New to mobile development and thought I'd follow along with this tutorial. This is hopefully a simple question. If someone could just tell me what the --> is called (is it a pointer?) or what causes the (e) --> code to be light gray in color after typed, I could do some more research on my own problem here.


In the video link below at 10:58 (pause video) you will see some code showing

uploadTask.addOnFailureListener ((e) --> { {finish(); }};

at 10:42 in the video you see similar symbol

    `mProfileImage.setOnClickListener((view) --> {saveUserInformation(); }};`

Could someone please advise what the --> is called and how I might get the (e) --> to appear in the auto-populate functions dialog box as you start typing? Am I missing a file or class?

I think it might be an IDE settings since just above those lines of code in his video you see the following line:

- bitmap.compress(Bitmap.CompressFormat.JPEG, 20, baos);

but in my IDE I see the word "quality"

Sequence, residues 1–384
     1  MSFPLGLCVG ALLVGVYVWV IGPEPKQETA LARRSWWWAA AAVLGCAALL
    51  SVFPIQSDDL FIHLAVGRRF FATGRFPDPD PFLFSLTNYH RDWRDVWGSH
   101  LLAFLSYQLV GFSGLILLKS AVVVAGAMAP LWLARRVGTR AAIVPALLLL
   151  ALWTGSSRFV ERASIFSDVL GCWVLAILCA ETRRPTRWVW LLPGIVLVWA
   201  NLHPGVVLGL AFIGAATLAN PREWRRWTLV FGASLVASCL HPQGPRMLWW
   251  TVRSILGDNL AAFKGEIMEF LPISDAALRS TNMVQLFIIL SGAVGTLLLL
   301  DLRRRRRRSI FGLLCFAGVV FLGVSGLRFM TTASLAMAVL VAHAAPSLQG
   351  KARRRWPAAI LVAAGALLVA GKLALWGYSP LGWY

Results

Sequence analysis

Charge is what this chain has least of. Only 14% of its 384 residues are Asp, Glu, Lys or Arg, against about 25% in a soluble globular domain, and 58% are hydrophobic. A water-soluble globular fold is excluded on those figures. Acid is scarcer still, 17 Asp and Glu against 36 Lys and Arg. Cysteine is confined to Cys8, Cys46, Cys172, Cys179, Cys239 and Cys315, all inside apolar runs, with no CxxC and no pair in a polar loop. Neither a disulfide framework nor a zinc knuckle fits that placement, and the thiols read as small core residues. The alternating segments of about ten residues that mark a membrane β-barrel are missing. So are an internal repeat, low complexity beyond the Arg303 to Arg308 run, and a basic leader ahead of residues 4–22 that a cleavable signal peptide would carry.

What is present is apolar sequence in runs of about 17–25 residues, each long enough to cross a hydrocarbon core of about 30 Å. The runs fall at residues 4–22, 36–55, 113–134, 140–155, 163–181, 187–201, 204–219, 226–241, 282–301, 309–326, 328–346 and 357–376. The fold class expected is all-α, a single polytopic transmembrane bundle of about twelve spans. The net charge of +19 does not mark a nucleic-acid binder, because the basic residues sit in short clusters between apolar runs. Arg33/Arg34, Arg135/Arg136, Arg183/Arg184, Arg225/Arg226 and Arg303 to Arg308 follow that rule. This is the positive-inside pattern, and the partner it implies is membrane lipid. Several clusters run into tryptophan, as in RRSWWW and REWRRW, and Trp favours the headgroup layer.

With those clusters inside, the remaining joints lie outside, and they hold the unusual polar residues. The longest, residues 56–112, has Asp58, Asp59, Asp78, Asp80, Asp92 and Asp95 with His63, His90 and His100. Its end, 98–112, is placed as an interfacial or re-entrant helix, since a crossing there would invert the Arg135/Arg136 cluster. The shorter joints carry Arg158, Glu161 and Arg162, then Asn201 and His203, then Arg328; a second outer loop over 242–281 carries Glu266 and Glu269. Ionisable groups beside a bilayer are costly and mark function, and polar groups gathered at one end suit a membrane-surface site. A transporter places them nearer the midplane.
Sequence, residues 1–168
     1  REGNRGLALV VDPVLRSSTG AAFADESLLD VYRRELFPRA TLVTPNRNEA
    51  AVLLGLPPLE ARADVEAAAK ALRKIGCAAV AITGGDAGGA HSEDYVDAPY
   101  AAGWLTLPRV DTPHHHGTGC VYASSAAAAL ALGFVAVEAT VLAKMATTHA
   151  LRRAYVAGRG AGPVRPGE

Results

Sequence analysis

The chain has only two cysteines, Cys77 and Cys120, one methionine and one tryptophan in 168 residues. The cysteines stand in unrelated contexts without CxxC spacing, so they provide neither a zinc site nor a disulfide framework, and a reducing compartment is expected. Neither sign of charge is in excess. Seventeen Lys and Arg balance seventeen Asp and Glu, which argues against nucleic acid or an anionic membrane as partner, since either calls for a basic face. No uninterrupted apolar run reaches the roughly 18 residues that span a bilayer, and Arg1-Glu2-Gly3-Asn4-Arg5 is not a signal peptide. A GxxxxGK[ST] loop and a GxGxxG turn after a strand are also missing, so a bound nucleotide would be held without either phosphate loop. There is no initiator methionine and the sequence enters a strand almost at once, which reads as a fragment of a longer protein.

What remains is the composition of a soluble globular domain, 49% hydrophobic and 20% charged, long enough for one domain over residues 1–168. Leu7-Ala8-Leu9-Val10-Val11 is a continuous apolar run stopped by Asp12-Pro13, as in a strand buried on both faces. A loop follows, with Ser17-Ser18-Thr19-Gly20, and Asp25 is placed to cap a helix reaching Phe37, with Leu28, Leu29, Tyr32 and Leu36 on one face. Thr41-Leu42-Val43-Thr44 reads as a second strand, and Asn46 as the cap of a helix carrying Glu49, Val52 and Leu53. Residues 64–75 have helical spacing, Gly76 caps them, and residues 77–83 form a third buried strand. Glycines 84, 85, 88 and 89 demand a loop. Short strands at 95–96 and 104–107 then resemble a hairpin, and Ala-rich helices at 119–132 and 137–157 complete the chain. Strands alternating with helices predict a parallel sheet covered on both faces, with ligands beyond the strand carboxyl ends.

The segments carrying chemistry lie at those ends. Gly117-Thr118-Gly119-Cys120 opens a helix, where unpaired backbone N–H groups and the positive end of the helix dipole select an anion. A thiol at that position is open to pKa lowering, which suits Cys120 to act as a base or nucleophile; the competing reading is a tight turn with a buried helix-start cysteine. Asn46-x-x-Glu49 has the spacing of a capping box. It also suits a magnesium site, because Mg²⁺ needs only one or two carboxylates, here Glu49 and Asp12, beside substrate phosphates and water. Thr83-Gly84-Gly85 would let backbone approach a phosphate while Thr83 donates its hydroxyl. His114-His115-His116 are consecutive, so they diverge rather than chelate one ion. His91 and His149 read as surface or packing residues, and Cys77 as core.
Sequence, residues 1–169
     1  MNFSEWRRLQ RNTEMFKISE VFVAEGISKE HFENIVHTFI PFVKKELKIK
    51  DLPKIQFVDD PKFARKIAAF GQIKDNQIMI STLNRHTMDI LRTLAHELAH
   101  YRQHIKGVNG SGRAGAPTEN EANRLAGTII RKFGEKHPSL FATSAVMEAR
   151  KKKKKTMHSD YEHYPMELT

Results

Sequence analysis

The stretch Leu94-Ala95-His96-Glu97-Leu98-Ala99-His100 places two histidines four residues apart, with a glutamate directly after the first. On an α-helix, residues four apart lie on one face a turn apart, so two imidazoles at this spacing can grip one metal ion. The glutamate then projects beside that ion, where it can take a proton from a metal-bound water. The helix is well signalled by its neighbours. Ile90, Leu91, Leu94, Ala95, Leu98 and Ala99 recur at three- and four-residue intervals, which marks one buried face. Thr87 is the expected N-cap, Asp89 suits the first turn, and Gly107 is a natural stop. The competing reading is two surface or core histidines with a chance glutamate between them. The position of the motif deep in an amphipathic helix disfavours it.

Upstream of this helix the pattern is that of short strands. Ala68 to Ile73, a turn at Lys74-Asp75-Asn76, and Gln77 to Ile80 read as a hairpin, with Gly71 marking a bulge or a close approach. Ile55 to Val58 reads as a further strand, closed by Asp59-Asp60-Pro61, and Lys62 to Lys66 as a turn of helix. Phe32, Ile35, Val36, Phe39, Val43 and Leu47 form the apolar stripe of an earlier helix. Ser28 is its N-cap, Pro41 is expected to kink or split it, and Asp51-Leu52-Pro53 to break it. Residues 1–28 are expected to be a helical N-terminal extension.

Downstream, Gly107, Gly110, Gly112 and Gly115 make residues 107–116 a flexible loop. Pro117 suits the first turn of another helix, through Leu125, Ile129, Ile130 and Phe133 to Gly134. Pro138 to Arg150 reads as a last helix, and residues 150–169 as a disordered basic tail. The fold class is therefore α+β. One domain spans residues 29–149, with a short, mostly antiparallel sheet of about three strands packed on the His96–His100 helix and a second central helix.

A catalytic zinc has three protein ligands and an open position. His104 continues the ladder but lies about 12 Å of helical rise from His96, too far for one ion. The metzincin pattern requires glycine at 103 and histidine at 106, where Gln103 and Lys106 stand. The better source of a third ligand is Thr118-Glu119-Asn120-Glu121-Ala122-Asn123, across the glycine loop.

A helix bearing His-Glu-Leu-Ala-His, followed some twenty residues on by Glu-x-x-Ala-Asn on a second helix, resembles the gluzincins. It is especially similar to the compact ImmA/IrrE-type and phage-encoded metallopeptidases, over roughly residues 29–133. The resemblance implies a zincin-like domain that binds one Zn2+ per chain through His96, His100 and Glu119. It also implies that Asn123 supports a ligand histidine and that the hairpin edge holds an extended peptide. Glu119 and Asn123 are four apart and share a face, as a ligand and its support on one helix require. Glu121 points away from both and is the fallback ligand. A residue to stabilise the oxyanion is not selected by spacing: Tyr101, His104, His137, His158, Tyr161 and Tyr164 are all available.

- bitmap.compress(Bitmap.CompressFormat.JPEG, quality 20, baos); 

appear when the value 20 was typed. It's a light grey color similar to the (e) and --> in his code which for some reason won't work in my editor or code.


Basically, (e) -> {...} is a lambda, you can read more about this here https://kotlinlang.org/docs/reference/lambdas.html, but it's, in basic terms, a block of code that can be executed. The e is the parameter coming from the caller and the -> is just syntax to denote the lambda followed by the code, the "quality" in grey letters that you mention is just the name of a parameter in the compress method, which the IDE shows so you can properly fill method calls without looking up the docs or the source.

EDIT: Also, bear in mind it should be -> not -->, in both Java and Kotlin, that could be the source of your "grey letters" issue.

  • To start, sorry for the poor post syntax formatting. Been a while since I posted code questions. I went back through the tutorial videos and Video 9 @ 28:25 shows the code. What I didn't notice is that it is just collapsed code LOL. link He changes his public void 'onFailure()' to become the the lambda code seen shortly after.by collapsing the function on the side margin This answered my problem. Appreciate the term for lambda. – Joe May 18 '18 at 2:35

Assuming you're using Java 8+, the -> operator is used for lambda functions.

A lambda is an anonymous function, useful for functions that you'll only be using once, or passing as an argument. Read more here.

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